updated 06/08/1981 AT 01:00 AM EDT
•originally published 06/08/1981 AT 01:00 AM EDT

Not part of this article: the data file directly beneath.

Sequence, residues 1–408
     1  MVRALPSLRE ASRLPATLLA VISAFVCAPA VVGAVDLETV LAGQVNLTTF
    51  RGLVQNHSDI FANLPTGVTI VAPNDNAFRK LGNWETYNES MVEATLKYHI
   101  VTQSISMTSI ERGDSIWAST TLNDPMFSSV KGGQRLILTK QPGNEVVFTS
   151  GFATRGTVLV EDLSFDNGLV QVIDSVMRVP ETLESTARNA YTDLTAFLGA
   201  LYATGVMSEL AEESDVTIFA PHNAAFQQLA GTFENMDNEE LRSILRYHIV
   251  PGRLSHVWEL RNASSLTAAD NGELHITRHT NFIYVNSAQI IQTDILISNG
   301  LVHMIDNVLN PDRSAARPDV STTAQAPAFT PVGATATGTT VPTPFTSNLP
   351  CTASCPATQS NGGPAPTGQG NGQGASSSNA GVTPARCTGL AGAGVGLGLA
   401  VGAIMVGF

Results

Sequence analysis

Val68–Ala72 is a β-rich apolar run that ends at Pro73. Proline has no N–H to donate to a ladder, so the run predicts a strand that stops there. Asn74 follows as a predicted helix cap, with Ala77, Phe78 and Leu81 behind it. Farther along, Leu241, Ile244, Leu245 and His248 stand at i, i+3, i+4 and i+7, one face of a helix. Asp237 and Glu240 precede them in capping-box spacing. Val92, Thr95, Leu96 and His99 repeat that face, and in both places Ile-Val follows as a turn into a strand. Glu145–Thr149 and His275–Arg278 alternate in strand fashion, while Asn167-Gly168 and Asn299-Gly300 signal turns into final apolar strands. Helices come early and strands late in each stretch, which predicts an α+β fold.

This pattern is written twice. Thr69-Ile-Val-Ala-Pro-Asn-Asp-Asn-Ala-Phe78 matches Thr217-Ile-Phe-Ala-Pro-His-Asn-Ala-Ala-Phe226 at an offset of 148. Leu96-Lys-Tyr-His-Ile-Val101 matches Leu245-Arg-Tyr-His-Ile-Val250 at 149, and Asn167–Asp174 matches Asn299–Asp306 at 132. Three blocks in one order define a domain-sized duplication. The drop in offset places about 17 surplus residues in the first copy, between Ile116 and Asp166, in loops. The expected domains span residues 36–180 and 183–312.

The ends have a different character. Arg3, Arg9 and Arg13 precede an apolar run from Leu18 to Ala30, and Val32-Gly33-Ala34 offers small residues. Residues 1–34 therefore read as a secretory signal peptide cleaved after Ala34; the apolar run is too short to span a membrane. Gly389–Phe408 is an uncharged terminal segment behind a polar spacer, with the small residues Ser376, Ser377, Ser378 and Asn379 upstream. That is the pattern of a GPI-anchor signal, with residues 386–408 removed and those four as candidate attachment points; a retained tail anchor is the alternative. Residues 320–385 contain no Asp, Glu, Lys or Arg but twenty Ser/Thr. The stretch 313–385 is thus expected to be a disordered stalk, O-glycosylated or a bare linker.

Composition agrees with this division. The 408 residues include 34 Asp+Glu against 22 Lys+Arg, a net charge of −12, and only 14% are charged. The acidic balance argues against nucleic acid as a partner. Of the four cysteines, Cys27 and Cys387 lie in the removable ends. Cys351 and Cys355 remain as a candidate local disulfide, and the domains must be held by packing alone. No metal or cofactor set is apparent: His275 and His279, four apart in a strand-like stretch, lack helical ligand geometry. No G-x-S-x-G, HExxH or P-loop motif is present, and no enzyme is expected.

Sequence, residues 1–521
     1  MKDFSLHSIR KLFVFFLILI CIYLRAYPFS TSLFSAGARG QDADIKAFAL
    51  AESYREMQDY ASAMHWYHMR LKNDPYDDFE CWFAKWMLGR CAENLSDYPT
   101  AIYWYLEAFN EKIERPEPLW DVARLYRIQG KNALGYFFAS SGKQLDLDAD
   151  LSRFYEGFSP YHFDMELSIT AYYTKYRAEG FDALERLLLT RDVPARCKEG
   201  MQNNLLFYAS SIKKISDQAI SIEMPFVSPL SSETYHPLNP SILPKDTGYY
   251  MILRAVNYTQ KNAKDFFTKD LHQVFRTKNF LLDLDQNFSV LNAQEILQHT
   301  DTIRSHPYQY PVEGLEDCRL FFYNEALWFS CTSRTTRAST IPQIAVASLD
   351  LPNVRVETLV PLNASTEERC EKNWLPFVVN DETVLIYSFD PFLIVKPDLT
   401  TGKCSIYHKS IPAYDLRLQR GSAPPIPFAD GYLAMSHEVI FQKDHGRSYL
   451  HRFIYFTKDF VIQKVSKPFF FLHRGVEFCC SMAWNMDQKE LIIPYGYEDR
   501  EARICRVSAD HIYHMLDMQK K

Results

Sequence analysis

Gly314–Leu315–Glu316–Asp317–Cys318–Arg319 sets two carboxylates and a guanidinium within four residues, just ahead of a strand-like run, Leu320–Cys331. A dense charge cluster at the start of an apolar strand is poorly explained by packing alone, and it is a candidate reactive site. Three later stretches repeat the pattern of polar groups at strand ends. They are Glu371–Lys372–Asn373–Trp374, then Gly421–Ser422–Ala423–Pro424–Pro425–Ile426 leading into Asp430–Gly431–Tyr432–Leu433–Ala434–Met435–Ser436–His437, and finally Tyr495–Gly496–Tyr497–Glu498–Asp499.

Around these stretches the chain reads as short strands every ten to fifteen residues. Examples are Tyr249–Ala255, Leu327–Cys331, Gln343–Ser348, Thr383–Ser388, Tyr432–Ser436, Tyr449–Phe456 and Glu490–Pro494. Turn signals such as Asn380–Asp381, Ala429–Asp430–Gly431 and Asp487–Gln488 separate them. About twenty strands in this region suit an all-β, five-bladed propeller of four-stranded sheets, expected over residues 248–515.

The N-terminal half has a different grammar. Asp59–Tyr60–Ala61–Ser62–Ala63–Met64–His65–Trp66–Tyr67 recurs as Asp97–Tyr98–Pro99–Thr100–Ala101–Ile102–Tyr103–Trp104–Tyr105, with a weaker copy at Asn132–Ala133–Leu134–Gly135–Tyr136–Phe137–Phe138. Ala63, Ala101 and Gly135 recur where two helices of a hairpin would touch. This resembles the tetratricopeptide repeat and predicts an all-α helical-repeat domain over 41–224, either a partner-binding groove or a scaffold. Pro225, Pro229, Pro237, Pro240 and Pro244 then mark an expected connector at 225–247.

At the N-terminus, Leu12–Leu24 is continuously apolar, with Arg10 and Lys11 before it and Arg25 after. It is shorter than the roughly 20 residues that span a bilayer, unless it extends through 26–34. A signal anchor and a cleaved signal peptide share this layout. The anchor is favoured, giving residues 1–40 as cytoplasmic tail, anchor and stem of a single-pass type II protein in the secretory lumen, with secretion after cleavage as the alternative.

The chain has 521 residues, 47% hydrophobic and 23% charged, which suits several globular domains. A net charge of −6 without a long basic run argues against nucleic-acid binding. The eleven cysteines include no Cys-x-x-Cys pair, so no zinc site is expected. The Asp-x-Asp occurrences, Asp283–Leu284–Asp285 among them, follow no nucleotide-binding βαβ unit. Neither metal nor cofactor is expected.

Cate Cronin remembers that by tradition, "If a woman worked on a ship, it would be in the galley." So much for tradition. At 24, the 5'7", curly-haired Cronin is the first woman captain of Clearwater, the 106-foot sloop that sails the Hudson as a river ecology watchdog. The brainchild of folksinger Pete Seeger, Clearwater is a replica of a 19th-century sloop Supported by gifts and grants, it has plied the Hudson since 1969 to dramatize the campaign to clean up the river and its shores. Cate, says Seeger, "is one of the best-organized captains we've ever had." The daughter of a graphic artist and a housewife, Cate grew up in Bangor, Maine and first went to sea in 1975 as assistant cook. (She dropped out of the University of Maine after two years.) "It was hard to get out of the galley and on deck," Cate admits. But after three years in galleys, including Clearwater's, Cate finally made it topside. A Coast Guard-licensed inland waters operator, Cate became Clearwater's captain last summer. Single, she tries to date fellow sailors "who have the same crazy schedules." Cate ships out from April through November, earning $11,300 a season, and lives with her family the rest of the year. "I can now," she notes proudly, "call myself captain of a prestigious boat in a field where it's hard to find a job—whether you are a male or a female."